Comments Delivered by Terri Callahan, Program Director, Kansas Certified Public Manager(R) Program
At Graduation, On November 16, 2012
Congratulations, Class of 2012! You deserve this celebration and recognition for the time commitment and hard work you have put forth over the past year.
The Kansas CPM program started in 1993. As graduates of the CPM class of 2012, you have the honor of closing out the decade by being the 19th CPM class. So it seems fitting that as we celebrate the 20th anniversary of the Kansas CPM program next year, we take time to reflect on the history of the CPM program and the last two decades.
I would like to share the story of a public manager from the State of Georgia named Ken Henning. No, you will not see Ken Henning’s name in the history books, but Ken had an idea, a vision. He did not let boundaries or obstacles stop him from moving forward with his vision. He knew how to inspire others to join on his journey.
I love this definition of a leader by John Quincy Adams, “If your actions inspire others to dream more, do more and become more, you are a leader.”
Ken Henning was this kind of leader. As a leader he saw a need and moved forward with enlisting others to join his vision. He wanted to see a national professional certification designation for public managers similar to a CPA designation with training and education that would foster and encourage the highest possible levels of competence and ethical practice by managers in all levels of government.
He is now jokingly called the “Father of CPM.” In 1976, The Governor of Georgia, George Busbee appointed the Georgia CPM Board and the Georgia CPM program was born. In 1979, the National Certified Public Manager Consortium was established to preserve the standards for the Certified Public Manager designation with six charter states.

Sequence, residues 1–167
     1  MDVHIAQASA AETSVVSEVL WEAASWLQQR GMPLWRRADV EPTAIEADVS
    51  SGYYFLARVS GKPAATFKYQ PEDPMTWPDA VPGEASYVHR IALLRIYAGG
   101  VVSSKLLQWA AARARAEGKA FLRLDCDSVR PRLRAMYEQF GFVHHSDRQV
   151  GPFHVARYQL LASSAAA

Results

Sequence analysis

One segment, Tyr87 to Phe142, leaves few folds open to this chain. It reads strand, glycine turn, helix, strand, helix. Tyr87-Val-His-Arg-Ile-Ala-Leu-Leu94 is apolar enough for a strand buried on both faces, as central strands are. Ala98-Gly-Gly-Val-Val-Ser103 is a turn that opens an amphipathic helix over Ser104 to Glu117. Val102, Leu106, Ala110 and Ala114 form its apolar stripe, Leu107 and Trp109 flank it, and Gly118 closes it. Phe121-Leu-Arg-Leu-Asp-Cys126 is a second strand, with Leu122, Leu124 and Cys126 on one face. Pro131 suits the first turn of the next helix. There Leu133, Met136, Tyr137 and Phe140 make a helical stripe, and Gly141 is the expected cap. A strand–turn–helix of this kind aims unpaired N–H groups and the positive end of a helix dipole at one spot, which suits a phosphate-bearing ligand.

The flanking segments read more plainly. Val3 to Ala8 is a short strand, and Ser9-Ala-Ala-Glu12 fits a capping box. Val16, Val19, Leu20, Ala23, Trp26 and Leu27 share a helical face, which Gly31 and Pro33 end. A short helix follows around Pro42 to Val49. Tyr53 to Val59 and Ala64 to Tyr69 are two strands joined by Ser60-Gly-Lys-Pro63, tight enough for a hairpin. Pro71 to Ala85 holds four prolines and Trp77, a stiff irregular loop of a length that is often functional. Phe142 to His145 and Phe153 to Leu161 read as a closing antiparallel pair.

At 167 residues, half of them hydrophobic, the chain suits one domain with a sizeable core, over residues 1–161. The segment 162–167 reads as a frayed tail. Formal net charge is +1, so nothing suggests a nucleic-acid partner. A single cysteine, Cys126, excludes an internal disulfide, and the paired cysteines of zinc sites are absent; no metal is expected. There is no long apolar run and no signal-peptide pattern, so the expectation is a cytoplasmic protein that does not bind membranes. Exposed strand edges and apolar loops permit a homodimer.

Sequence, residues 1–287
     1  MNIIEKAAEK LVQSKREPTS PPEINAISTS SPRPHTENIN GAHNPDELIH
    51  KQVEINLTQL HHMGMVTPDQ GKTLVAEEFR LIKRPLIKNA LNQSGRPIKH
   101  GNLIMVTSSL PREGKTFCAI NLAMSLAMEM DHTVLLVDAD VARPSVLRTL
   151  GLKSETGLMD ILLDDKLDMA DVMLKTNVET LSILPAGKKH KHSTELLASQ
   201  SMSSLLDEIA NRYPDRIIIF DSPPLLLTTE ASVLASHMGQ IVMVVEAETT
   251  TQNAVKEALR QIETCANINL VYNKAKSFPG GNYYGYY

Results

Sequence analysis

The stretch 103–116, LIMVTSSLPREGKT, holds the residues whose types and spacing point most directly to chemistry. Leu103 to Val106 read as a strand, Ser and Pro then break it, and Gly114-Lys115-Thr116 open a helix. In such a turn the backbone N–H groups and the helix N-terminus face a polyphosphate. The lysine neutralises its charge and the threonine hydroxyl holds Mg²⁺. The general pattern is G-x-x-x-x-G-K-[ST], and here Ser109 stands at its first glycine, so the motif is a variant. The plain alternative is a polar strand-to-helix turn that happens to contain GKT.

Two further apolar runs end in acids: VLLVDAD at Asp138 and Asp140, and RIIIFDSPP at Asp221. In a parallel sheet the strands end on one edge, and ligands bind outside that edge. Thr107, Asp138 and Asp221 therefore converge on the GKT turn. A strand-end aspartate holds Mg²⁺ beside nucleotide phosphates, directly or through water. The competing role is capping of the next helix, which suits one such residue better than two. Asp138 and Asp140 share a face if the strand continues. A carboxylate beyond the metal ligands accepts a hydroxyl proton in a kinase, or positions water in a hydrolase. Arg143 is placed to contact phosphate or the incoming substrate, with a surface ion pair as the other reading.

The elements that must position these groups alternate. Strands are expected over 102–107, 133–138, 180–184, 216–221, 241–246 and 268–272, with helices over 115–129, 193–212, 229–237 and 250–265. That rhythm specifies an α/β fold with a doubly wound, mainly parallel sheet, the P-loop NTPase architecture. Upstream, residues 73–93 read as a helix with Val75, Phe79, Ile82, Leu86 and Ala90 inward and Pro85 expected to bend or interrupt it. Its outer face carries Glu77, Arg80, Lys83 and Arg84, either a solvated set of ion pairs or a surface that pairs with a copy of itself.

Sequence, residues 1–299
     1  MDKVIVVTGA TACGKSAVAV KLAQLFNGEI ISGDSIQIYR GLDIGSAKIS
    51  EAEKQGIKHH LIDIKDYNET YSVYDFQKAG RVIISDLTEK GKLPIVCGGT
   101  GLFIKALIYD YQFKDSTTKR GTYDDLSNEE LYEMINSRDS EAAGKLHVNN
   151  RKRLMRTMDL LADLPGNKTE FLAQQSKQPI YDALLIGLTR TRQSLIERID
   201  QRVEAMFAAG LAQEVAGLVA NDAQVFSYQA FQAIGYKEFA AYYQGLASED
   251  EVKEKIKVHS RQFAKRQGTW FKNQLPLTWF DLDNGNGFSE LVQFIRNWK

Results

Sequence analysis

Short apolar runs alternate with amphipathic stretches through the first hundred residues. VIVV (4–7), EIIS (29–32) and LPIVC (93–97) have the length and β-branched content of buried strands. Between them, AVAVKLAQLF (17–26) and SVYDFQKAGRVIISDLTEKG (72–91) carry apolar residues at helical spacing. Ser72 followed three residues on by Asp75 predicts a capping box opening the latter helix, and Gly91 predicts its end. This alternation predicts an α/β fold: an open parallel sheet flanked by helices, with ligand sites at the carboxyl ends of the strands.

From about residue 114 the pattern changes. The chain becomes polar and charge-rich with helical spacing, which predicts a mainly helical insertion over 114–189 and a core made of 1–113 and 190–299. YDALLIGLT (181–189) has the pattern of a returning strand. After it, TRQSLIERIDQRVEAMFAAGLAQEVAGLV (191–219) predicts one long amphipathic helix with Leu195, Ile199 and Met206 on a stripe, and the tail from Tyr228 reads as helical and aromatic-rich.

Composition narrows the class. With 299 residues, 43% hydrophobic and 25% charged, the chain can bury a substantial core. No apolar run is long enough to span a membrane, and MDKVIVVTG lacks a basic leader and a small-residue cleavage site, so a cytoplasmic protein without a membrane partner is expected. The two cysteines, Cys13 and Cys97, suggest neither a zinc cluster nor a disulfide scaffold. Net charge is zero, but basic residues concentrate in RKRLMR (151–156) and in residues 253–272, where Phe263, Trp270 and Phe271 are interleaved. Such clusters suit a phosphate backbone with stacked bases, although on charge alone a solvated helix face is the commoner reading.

I share this story, because it is a story of one public manager with a vision, a vision to make a difference, and he took action and persevered through many challenges to make CPM a reality. It is amazing to me that today the CPM concept has grown to 41 CPM programs with thousands of CPM graduates across the US.
As I listened to your Capstones, it struck me that all of you as public managers, like Ken Henning and other leaders, have a vision, a new idea, a new way of doing business, and a new approach to providing services. I enjoyed hearing each of your Capstone presentations, because they reflected the purpose, passion, and perseverance each of you bring to public service and the people we serve. Thank you!
I want to close with a quote and challenge to all public managers and CPM graduates from Ken Henning (from 2003):
“That the Certified Public Manager Organization, from its inception to the present, has not only survived but has grown for three decades, is a remarkable achievement. Substantial opportunities, but also some significant challenges, lie ahead of us. If all Certified Public Managers will approach the future with determination to play an increasingly important professional role in our society and internationally, the future will be marked by a 50th anniversary of the CPM concept.”
I would like to add a twist to Ken’s challenge: What more can we accomplish together if we as public managers take on the challenges of our future with determination and dedication?
Once again, please join me in congratulating the Class of 2012!